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Georgetown University’s Newspaper of Record since 1920

The Hoya

Georgetown University’s Newspaper of Record since 1920

The Hoya

Protesters Stage Competing Rallies at George Washington University

Maren Fagan/The Hoya

Student pro-Palestine protesters, including students from Georgetown University, held a “Rally for Gaza” at the ongoing tent encampment at George Washington University (GWU) while pro-Israel protesters held a competing rally, “A Rally Against Campus Antisemitism,” May 2.

Since April 25, pro-Palestine protesters have been encamped in GWU’s University Yard, calling for a ceasefire in Gaza and for Washington, D.C.-area universities to divest from companies with ties to Israel.

The pro-Palestine rally came on the eighth day of the encampment, which protesters have dubbed the “Popular University for Gaza.”

Isabelle Houghton (GRD ’24), a graduate student in Georgetown’s Master of Arts in Arab Studies (MAAS) program, and member of Zeytoun, a Georgetown graduate student, faculty and staff organization that advocates for decolonization in the Middle East and North Africa, said the protesters aim to make clear their opposition to universities’ continued engagement with companies supporting Israel.

“I think in terms of our goals, obviously calling for an immediate ceasefire in the genocide in Gaza, and also calling for a boycott, divestment, sanctions from Georgetown and other universities around the area,” Houghton told The Hoya.

While Georgetown President John J. DeGioia (CAS ’79, GRD ’95) has called for a ceasefire in Gaza and the return of hostages, GWU President Ellen Granberg has not. Neither university has announced its willingness to divest from companies linked to Israel.

At two competing rallies at George Washington University May 2, pro-Palestine protesters called for a ceasefire in Gaza and universities’ divestment from companies supporting Israel. (Maren Fagan/The Hoya)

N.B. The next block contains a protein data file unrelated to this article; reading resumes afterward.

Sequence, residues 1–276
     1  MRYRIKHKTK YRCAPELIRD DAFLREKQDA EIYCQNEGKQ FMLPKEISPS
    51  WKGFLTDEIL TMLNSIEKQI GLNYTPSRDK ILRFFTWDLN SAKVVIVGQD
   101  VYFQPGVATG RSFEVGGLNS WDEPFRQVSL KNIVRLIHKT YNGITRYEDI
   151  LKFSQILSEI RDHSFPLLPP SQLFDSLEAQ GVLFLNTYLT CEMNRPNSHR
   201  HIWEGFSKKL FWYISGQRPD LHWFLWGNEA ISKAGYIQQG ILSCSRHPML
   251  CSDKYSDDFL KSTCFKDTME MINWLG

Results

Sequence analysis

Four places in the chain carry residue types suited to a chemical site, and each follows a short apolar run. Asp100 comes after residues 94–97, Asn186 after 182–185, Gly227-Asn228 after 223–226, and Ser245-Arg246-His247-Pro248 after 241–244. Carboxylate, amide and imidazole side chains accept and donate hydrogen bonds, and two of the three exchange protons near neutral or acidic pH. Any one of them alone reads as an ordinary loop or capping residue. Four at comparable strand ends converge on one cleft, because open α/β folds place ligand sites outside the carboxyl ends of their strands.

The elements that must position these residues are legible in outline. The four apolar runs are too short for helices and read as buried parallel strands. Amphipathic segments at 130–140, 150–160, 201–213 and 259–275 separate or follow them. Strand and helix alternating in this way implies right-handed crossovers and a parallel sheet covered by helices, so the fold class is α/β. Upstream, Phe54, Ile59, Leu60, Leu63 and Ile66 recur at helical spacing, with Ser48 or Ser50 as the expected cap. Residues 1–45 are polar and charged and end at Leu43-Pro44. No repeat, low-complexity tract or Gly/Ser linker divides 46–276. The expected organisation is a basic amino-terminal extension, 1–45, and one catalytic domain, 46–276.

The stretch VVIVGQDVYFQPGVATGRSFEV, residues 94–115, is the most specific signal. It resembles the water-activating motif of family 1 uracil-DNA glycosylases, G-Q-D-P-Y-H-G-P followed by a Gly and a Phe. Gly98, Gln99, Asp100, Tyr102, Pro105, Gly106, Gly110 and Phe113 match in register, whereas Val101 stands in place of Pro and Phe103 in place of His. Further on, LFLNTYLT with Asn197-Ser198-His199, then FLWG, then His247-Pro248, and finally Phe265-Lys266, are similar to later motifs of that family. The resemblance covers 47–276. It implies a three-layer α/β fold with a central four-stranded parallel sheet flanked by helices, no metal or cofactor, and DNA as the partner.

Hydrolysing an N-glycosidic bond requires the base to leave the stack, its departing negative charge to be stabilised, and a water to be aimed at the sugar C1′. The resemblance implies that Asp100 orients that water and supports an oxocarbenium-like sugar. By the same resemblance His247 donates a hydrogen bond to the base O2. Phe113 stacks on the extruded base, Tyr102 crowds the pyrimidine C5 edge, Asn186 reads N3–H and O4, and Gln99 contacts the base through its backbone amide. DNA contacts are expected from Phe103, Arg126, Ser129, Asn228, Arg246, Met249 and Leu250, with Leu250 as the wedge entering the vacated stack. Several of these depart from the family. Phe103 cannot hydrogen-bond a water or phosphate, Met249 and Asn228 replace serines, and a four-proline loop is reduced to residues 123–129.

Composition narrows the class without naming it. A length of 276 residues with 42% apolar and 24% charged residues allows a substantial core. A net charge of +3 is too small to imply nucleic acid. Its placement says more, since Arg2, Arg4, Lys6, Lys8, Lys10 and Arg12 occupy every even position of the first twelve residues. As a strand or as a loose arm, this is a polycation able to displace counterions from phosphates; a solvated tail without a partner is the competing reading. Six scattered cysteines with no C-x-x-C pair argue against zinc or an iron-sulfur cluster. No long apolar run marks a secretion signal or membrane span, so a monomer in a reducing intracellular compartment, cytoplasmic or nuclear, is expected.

A Georgetown University spokesperson said Georgetown community members can submit proposals regarding changes in the university’s investment to its Committee on Investments and Social Responsibility.

“Any member of the university community interested in submitting a written proposal for consideration can email the Committee on Investments and Social Responsibility (CISR),” the spokesperson wrote to The Hoya.

In 2017, CISR rejected a student proposal to divest from “companies that knowingly and consistently enable and profit from the violent Israeli occupation of Palestine,” among other companies.

Iklil Bouhmouch (GRD ’24), a member of Zeytoun, said the demonstration shows solidarity and representscollective liberation. 

“Despite their finals and other obligations, students are making time to join in protest, protect the encampment, and to generally volunteer their time, energy, and skills to the community: From our medical students acting as medics, to others serving food, and students and faculty marshaling,” Bouhmouch wrote to The Hoya. “Around the camp, I’ve seen acts of care amongst friends and strangers — people braiding each other’s hair, cleaning the camp, and even handing out popsicles on a hot day. Overall, this is an effort sustained by the community.”

Hannah Martin, a student at GWU, said protesters understand that pushing for divestment is crucial.

“The people as a collective understand the importance of what we’re doing here, they understand that we need to start with universities and other institutions’ material ties to the genocidal state of Israel in order for us to begin to make change,” Martin told The Hoya. “It also speaks to the fact that there’s a lot of love here. We’re fundamentally motivated by a care for each other and a care for the people in Gaza.”

Protesters chanted for divestment and proclaimed their solidarity with Gaza.

“Gaza, you are not alone, this campus is a freedom zone,” protesters chanted. “We will not be pushed aside, stop funding genocide.”